Cairo, Asharq Al-Awsat—Egyptian Prime Minister Hazem El-Beblawi said that the government will consider reviewing a controversial draft for a new law governing the right to protest.
Critics of the draft law say it criminalizes legitimate acts of protest, and goes too far in giving the interior minister the power to ban protests.
Speaking during a TV interview on Sunday, Beblawi said that the government will continue to work on promoting dialogue within society even if expected protest and anti-terror laws are delayed until after November 14, the date when the existing state of emergency is set to expire.
The state of emergency allows the security forces to take extraordinary measures, including stop and search or holding suspects without a warrant.
Egypt has seen violent incidents and a wave of protests since the authorities used force to disperse pro-Mursi protests in Cairo on August 14. Interim President Adly Mansour declared a state of emergency for one month, subsequently extended for two more months. It is currently unclear whether Mansour will extend the state of emergency further.
The constitutional declaration announced by Mansour on July 8 stipulates that the president can declare a state of emergency for three months which he can only extend once for a similar period, following a public referendum.
A state of emergency lasting three decades was imposed during the rule of former President Hosni Mubarak, but was subsequently suspended during the Mursi administration, although the Islamist president did declare a short-lived state of emergency in the Suez Canal cities following widespread violence.
Meanwhile, Deputy Prime Minister Ziad Bahaa El-Din, who criticized the proposed Protest Law in a cabinet meeting, has called for public debate on the issue. Bahaa El-Din yesterday started a series of meetings with different political groups to discuss the matter.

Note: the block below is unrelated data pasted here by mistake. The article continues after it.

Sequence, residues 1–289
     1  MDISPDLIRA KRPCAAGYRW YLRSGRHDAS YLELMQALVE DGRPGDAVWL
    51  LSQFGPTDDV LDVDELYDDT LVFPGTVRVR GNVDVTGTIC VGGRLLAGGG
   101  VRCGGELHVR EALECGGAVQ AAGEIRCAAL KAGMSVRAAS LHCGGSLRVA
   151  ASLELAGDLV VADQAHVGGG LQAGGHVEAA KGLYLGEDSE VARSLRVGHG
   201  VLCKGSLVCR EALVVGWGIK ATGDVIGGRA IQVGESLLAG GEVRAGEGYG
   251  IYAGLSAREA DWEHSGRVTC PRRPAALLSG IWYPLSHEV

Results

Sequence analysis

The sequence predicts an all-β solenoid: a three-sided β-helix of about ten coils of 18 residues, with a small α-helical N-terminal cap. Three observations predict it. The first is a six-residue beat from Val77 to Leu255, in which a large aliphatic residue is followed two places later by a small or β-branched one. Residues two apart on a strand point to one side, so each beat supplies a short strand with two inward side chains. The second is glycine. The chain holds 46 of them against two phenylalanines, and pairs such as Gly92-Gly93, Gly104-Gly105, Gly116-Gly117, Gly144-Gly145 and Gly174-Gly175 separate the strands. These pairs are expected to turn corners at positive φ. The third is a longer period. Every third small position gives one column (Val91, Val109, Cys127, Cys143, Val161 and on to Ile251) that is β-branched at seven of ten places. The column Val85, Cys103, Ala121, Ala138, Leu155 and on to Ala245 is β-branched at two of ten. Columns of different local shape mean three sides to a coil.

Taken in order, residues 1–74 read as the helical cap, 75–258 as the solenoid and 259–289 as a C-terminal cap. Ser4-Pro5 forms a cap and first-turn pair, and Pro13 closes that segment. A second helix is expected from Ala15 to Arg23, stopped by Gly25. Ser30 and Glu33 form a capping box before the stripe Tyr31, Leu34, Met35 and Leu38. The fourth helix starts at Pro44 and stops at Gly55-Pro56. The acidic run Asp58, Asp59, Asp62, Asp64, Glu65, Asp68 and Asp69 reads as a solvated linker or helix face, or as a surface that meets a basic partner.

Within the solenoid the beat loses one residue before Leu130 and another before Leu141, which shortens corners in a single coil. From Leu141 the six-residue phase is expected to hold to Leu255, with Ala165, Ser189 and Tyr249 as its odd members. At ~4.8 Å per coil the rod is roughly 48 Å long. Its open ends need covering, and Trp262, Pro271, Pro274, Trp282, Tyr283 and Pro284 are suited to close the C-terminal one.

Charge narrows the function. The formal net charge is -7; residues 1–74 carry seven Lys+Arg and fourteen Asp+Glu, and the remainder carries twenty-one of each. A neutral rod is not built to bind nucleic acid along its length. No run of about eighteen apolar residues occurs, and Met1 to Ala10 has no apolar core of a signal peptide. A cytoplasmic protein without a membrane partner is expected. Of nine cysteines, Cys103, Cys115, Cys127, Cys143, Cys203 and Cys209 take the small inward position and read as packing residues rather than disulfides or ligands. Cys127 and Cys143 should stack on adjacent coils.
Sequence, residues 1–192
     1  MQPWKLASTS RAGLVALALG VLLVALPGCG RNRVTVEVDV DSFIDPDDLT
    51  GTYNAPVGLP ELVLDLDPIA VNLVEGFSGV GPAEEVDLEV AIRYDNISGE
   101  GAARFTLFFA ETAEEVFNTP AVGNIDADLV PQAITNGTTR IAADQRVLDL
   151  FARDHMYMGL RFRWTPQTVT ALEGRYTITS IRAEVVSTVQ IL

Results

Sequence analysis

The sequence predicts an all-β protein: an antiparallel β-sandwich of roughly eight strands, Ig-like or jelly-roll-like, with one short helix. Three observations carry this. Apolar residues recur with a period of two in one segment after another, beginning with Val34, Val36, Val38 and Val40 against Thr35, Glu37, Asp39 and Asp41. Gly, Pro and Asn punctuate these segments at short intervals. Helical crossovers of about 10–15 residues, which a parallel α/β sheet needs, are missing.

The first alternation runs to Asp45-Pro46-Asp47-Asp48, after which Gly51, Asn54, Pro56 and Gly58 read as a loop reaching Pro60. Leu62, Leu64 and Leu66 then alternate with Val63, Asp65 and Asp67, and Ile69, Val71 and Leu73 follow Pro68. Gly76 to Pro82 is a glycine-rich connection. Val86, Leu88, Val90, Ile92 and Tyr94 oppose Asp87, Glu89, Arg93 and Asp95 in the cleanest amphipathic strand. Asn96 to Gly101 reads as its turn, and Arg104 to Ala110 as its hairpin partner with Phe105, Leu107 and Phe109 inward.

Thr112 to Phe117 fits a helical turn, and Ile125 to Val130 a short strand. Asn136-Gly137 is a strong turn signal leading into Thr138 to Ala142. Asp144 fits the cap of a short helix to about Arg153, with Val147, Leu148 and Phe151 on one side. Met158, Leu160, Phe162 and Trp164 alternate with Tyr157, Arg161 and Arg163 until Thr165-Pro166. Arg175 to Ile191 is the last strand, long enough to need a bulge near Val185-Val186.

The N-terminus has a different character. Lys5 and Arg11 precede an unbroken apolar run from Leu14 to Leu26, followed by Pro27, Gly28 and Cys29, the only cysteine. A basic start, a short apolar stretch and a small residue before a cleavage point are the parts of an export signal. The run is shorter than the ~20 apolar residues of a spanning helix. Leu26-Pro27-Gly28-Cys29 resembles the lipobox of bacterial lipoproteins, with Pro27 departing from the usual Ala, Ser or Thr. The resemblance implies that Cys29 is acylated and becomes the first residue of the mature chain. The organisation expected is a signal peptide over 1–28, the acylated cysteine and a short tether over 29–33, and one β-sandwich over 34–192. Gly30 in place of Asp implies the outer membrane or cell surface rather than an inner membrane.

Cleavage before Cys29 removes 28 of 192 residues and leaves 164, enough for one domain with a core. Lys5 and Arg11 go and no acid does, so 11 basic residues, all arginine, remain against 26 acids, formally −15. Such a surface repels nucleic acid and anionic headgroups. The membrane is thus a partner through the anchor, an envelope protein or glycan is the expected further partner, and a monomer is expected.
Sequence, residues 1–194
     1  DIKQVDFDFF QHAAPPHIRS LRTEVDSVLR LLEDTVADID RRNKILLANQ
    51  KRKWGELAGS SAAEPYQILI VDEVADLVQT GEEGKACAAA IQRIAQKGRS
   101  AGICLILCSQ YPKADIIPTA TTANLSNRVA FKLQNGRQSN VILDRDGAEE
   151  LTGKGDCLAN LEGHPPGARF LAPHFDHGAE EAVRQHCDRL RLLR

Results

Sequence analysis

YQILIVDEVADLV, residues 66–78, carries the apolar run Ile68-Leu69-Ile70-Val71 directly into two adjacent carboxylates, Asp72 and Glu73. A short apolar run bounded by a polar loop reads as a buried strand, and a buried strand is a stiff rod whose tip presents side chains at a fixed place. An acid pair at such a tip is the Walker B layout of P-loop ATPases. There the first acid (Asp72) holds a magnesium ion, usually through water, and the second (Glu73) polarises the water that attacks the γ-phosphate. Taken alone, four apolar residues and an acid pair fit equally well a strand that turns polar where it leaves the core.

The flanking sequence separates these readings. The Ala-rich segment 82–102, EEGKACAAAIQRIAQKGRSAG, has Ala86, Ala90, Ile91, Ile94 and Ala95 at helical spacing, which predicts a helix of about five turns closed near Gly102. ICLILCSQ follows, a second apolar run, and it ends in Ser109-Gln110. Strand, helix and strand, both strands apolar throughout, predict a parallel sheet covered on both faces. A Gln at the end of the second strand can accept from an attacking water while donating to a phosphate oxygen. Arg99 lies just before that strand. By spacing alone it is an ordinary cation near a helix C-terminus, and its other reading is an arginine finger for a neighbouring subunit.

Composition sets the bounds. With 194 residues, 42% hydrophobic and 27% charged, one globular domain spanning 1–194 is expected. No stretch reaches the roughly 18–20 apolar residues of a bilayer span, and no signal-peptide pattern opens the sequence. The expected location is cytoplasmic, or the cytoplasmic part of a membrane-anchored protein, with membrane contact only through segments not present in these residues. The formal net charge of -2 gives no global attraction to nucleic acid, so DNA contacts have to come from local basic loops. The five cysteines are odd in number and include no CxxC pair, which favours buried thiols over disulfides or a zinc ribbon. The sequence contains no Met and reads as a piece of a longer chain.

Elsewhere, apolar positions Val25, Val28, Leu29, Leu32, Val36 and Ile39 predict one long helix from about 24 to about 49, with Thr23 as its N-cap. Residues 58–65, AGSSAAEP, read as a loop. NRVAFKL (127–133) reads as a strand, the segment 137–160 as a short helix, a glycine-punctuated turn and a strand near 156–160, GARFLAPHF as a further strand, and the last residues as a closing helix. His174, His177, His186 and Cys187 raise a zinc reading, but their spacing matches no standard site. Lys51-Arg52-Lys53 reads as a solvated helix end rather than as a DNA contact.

While the government works to overcome criticism of the proposed legislation, Egypt’s 50-member constitutional drafting committee is preparing to vote on an initial draft of the new constitution in meetings taking place behind closed doors on Tuesday.
The committee is divided over controversial articles related to the army and the position of Islamic Sharia in the constitution, despite the fact that subcommittees are reportedly close to resolving their differences.
Fears have grown over the media blackout imposed by the committee on the initial discussions; the decision of the constitutional committee’s secretariat to exclude non-voting members from Tuesday’s general session has been widely condemned.
Sources inside the committee say that a number of non-voting members have raised the issue of their exclusion with the committee’s chairman, Amr Moussa, in light of the fact that many of them had participated in discussions of many constitution articles within the subcommittees.
Moussa, however, reportedly told them the decision was final, adding that “The regulations allow only the 50 main members the right to vote.”